The trial for three people accused of harassing a Calgary mother played out more like the plot of a Hollywood film, with twists that included warrants issued for the victim, a mysterious letter to the media and three men who were previously convicted in the same case.
As jurors began deliberations Monday afternoon in the trial of retired Calgary police officer Steve Walton, his wife Heather and their former client Ken Carter, they may have wondered why they never heard from the victim.
Now that the jury is sequestered, CBC News can report Akele Taylor disappeared right before the trial and despite Canada-wide witness warrants issued for her arrest, police have not been able to locate her.
'I don't want to go through with the charges'
The trio is on trial accused of following and intimidating Taylor in an effort to have her give up custody of her daughter to her ex, Carter, when the couple was in the midst of a bitter split that started in 2012.
Carter paid the Waltons $800,000 from 2012 to 2013 to follow Taylor and help in his effort to gain full custody of his daughter.
In late July, about a month before the trio's trial was to begin, Carter's defence lawyer Gavin Wolch told prosecutors Taylor did not want to testify.
So began lead investigator Det. Todd Nichol's effort to get in touch with Taylor.
"I'm not coming to court and I don't want to go through with the charges against Ken," wrote Taylor in a text message to Nichol on Aug. 2.
The backup plan was to have Taylor's testimony from an earlier trial admitted as evidence.
In that trial, which ended in April, three current and former police officers — Bryan Morton, Brad McNish and Tony Braile — were convicted of corruption-related offences for their participation in the harassment of Taylor. The officers were employees of the Waltons.
But Justice Glen Poelman denied that request. In his decision, Poelman noted that while Taylor had been cross-examined by three other lawyers, she had not been questioned by the Waltons' or Carter's lawyers.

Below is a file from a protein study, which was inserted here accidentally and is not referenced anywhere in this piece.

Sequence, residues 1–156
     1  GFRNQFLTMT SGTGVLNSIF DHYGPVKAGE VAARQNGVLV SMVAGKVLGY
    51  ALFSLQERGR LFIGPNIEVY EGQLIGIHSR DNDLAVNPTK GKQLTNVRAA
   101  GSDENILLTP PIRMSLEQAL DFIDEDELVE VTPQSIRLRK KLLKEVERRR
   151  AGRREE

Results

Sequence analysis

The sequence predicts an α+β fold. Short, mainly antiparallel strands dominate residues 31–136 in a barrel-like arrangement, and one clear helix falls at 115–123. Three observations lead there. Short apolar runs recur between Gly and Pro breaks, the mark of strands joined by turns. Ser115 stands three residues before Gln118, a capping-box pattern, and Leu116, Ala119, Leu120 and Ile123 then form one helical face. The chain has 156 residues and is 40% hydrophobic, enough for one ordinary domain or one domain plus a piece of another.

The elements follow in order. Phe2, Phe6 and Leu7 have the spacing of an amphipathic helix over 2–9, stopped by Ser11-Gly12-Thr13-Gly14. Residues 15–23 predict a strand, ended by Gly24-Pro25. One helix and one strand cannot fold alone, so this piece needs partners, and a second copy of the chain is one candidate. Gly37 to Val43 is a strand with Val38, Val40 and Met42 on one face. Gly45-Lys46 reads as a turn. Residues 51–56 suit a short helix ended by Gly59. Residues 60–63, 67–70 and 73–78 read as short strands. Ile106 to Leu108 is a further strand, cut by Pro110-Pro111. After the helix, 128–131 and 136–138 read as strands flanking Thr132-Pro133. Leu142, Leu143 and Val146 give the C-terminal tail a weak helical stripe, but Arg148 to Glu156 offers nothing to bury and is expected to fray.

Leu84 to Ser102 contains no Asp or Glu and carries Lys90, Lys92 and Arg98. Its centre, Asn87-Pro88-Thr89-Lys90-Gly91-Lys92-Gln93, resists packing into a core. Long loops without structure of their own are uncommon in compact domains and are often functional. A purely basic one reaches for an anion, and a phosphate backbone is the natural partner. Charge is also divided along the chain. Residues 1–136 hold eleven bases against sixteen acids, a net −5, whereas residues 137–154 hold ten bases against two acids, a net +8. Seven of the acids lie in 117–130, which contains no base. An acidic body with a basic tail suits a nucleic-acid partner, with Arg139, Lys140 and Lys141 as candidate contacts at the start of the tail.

"If her testimony is admitted, what she said about these three accused will go untested," said Poelman.
An affidavit sworn by lead investigator, Det. Todd Nichol on Sept. 14 details how police and prosecutors lost their most important witness.
In July, a subpoena ordering Taylor to attend court was sent to her home in Vancouver.
'It will just make things worse for me'
A week later, she sent a text message to Nichol telling him she did not want to help the prosecution.
"It doesn't make sense for me because I share a daughter with him and have to deal with him for years to come," Taylor wrote. "It will just make things worse for me."
Taylor's lawyer wrote a letter to prosecutor Ryan Persad indicating she was living in the U.S. and reiterating that she would not be testifying.
Persad responded with a warning: "She is evading service … as counsel, you may wish to inform her of the consequences of doing so."
Another letter — this one sent by local criminal defence lawyer Ian McKay — was sent to Persad in the middle of the trial. In the correspondence, McKay tells Persad the first trial was "highly traumatizing" for Taylor and that she continues to "struggle to cope."
"Ms. Taylor does not have any interest in seeing the parties convicted," wrote McKay. "Mr. Carter and Ms. Taylor's relationship has improved in recent years."
Taylor painted as drug addict
The Waltons ran a private investigation firm, or as Steve Walton has described it, a risk management protection company.
When Ken Carter — estimated to be worth about $80-million — was in the middle of his messy break-up with Taylor, he hired the Waltons.
Steve Walton was the only one of the three currently on trial to testify in his own defence. Walton said he, his wife and their client were simply trying to protect the daughter shared by Taylor and Carter.
In the first trial — which saw CPS officers Bryan Morton and Brad McNish and Tony Braile convicted of harassment, bribery and unauthorized use of a computer system — Taylor testified she was terrorized for two years as the Waltons and people working for them surveilled, stalked and harassed her, which included installing a GPS device on her car.
Email to journalists
Friends of Taylor's were offered thousands of dollars in exchange for disclosing negative information about her.
Defence lawyers for all six people charged have painted Taylor as a drug addict who lived a questionable lifestyle. They argued following Taylor was justified in the interest of keeping the daughter she shared with Carter safe.
In another unusual twist, an email was sent mid-trial to journalists covering the case, including to CBC News.
"We are friends of Akele," the email begins. "It is sick what the police are doing to her."
The email goes on to call one of the witnesses who testified about Taylor's drug use "nothing but a COKE HEAD who is mad at her for leaving him."
Meanwhile, the lawyers for Morton, McNish and Braile will try to get their clients convictions overturned next month, arguing for a judicial stay or a mistrial because prosecutors handed over disclosure after the men were found guilty.